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Behind the camera in the Hollywood of the 1930s and 1940s, you would have been able to hear the n-word being thrown around with abandon. Onscreen, however, things were more complicated, as the history of the studios’ Production Code shows. 

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The Motion Picture Producers and Distributors of America (MPPDA) was established by the industry in 1922, just as early movie studios and theaters faced possible local and state censorship for portraying risqé morality and for losing the public’s trust due to Hollywood scandals. The MPPDA set up a Production Code for the industry and began applying it aggressively in 1934.

Media historian Ellen Scott argues that it would have been “logical” for the MPPDA to simply ban the n-word, this “most direct insult to Black people.” However, the MPPDA’s self-censorship bureaucracy didn’t do that for decades, and then only half-heartedly.

Instead, the industry had a “surprisingly variable regulatory policy [that] more closely mirrored the generative censorship strategies used with sexuality and was only sometimes motivated by concern about Black spectators.” In other words, no hard-and-fast prohibition applied, and Black movie fans’ desires counted for less.

Scott traces this inconsistent history: 

The studios’ practice of regulating this explosive insult—their shifting policies, their motivations, and how these affected cinematic textuality—is essential to understanding Hollywood’s evolving racial policy, one which took shape amid mounting civil rights mobilization and changing national discourses on race, racial inclusion, and racial naming.

Hollywood’s first Production Code was set up in the mid-1920s and was initially just a list of “Be Carefuls” and “Don’ts.” The final Don’t prohibited giving “willful offense to any nation, race, or creed.” When a more formal Production Code supplanted this list in 1930, the only mention of race was a ban on portraying miscegenation.

When white ethnic groups and even foreign embassies lodged protests against ethnic slurs onscreen, “foreign dignitaries” were hired “as advisors.” No such courtesy was shown to African American spectators. “Sizable Black protest” greeted the film Emperor Jones (1933), which used the n-word many times. The word was then used twice in Carolina (1934), and audiences greeted the newer film by throwing things at the screen in multiple theaters.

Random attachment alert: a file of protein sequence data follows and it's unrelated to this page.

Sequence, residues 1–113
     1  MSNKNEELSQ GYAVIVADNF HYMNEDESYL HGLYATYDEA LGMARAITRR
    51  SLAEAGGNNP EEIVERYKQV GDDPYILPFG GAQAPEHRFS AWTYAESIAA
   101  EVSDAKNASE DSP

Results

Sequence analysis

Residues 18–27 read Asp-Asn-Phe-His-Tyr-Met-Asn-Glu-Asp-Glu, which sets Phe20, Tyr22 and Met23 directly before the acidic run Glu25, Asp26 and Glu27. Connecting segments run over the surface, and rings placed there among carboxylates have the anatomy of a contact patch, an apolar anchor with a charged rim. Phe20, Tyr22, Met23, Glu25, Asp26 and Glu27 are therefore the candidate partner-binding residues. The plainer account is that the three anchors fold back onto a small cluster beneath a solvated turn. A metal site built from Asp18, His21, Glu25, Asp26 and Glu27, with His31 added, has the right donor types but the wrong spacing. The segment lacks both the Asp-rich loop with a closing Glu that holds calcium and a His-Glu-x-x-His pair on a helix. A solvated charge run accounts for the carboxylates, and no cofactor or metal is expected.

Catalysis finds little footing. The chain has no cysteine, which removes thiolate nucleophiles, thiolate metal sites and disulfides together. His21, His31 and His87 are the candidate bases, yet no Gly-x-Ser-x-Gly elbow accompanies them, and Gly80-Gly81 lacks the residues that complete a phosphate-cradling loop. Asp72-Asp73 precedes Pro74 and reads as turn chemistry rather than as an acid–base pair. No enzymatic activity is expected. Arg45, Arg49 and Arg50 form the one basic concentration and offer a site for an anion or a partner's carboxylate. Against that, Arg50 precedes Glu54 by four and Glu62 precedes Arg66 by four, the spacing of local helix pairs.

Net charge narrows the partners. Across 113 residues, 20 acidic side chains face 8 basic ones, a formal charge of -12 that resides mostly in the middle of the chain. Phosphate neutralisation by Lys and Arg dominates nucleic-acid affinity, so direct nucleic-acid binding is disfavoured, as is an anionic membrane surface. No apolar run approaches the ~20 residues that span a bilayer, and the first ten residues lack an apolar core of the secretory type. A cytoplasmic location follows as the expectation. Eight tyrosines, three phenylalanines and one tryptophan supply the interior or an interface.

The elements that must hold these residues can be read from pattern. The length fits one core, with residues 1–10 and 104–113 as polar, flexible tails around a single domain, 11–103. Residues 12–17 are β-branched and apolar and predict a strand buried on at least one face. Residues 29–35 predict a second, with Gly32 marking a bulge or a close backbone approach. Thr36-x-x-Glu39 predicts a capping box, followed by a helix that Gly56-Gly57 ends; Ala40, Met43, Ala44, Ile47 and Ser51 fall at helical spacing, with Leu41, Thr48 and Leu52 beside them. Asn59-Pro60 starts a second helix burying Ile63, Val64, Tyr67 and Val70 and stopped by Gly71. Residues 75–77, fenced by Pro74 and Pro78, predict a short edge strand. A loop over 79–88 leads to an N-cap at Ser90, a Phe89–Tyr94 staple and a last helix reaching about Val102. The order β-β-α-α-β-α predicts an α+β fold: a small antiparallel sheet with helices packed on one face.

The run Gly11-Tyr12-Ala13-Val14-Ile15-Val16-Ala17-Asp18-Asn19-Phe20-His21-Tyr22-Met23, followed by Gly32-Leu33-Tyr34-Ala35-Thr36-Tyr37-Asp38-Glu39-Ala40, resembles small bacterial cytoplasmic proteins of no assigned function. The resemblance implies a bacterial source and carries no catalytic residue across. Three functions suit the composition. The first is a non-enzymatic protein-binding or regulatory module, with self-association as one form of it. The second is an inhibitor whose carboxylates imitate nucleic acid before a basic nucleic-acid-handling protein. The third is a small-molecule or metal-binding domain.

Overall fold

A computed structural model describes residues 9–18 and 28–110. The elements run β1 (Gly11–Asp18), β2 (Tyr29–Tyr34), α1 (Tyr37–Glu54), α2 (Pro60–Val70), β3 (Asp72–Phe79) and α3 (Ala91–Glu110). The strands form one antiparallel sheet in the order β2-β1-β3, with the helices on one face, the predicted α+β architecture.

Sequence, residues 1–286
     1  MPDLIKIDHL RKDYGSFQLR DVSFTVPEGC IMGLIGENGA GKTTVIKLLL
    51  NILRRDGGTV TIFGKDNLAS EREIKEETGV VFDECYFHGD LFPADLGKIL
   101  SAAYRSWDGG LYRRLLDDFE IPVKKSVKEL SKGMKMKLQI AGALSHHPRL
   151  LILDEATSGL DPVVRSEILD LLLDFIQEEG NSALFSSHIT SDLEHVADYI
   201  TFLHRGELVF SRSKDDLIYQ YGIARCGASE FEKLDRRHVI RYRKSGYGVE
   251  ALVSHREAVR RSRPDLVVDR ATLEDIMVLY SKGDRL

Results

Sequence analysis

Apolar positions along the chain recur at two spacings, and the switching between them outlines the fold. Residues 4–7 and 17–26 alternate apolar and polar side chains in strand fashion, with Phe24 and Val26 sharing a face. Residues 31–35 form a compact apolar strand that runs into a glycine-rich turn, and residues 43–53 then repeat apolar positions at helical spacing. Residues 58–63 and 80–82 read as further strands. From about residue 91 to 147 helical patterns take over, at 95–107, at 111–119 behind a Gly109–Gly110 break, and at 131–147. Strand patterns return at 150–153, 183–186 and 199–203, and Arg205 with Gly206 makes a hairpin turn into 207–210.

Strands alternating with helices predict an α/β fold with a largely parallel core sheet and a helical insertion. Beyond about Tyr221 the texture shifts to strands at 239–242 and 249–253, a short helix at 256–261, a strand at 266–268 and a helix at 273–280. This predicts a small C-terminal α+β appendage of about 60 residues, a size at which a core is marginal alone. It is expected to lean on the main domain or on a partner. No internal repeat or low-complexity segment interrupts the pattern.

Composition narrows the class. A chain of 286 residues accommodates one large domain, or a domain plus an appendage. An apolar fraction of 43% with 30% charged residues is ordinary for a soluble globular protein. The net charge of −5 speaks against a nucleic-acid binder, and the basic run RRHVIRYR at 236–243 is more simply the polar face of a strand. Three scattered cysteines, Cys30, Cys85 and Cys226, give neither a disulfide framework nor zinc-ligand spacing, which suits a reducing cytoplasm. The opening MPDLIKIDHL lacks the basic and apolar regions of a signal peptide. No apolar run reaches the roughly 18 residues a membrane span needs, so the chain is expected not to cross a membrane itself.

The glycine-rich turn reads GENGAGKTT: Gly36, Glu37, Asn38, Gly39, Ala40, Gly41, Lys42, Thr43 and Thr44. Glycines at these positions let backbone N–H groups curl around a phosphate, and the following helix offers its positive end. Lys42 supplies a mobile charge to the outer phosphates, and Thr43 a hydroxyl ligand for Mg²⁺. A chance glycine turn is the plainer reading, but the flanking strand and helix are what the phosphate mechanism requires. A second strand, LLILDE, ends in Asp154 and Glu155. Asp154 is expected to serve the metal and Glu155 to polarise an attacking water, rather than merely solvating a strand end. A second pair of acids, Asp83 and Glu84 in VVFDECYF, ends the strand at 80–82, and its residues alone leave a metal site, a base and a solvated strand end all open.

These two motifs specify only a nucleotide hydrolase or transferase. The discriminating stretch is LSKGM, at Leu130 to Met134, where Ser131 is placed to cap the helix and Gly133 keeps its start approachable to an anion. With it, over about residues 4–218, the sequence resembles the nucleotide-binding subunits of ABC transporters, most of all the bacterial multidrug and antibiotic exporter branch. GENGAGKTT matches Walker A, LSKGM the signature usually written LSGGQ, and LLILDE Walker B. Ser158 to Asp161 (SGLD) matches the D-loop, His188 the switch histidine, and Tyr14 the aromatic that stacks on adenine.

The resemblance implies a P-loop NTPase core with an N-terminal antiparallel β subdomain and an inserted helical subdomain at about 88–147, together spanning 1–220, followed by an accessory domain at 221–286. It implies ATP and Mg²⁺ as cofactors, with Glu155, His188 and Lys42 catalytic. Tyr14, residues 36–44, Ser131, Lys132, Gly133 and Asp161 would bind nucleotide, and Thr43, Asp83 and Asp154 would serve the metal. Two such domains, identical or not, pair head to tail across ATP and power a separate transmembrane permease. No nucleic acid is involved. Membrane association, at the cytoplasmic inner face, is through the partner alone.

Protests against Carolina resulted in the inclusion of the epithet in a list of words that shouldn’t be used in films. From 1935 to the late 1940s, the word was mostly forbidden by Joseph Breen, Hollywood’s chief censor. It wasn’t bleeped, for instance, in the re-release of Emperor Jones. “There was a qualitative difference between how Breen treated African American spectators and white nationalities and constituencies,” writes Scott. Breen wasn’t working out of respect; he was afraid of “‘irrational’ Black rage (apparently proved by Carolina) and negative publicity.” 

Demeaning portrayals and other racist terms were allowed without comment from Breen. Producers learned that racist caricatures of African Americans were fine was as long as that word wasn’t used. Breen also weakened the rare commentary on American racism in the movies to appease white southern audiences.

During World War II, Hollywood was pressured by the Office of War Information—essentially the federal government’s propaganda department—to avoid demeaning portrayals of African Americans. These looked bad in a “war for democracy.” In 1944, several films were called out by the NAACP and African American newspapers for egregious racism. Most of the protest concerned language and portrayals, but in one case, it was the absence of African Americans. A newsreel documenting President Franklin Roosevelt’s visit to Tehran edited out the presence of African American troops there. 

In 1945, the Production Code’s admonishment to treat “foreign nations” fairly was changed to “all nations.” But this wasn’t exactly a command to treat fellow citizens respectfully. Additionally, by the late 1940s and early 1950s, socially conscious “problem films” “began to present intense racial themes through a white liberal aesthetic.” The n-word now became a “way to defame its users and call attention to racism.” But having the villains say it didn’t necessarily make it better for all African American moviegoers.

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Film History, Vol. 26, No. 4 (2014), pp. 1-31
Indiana University Press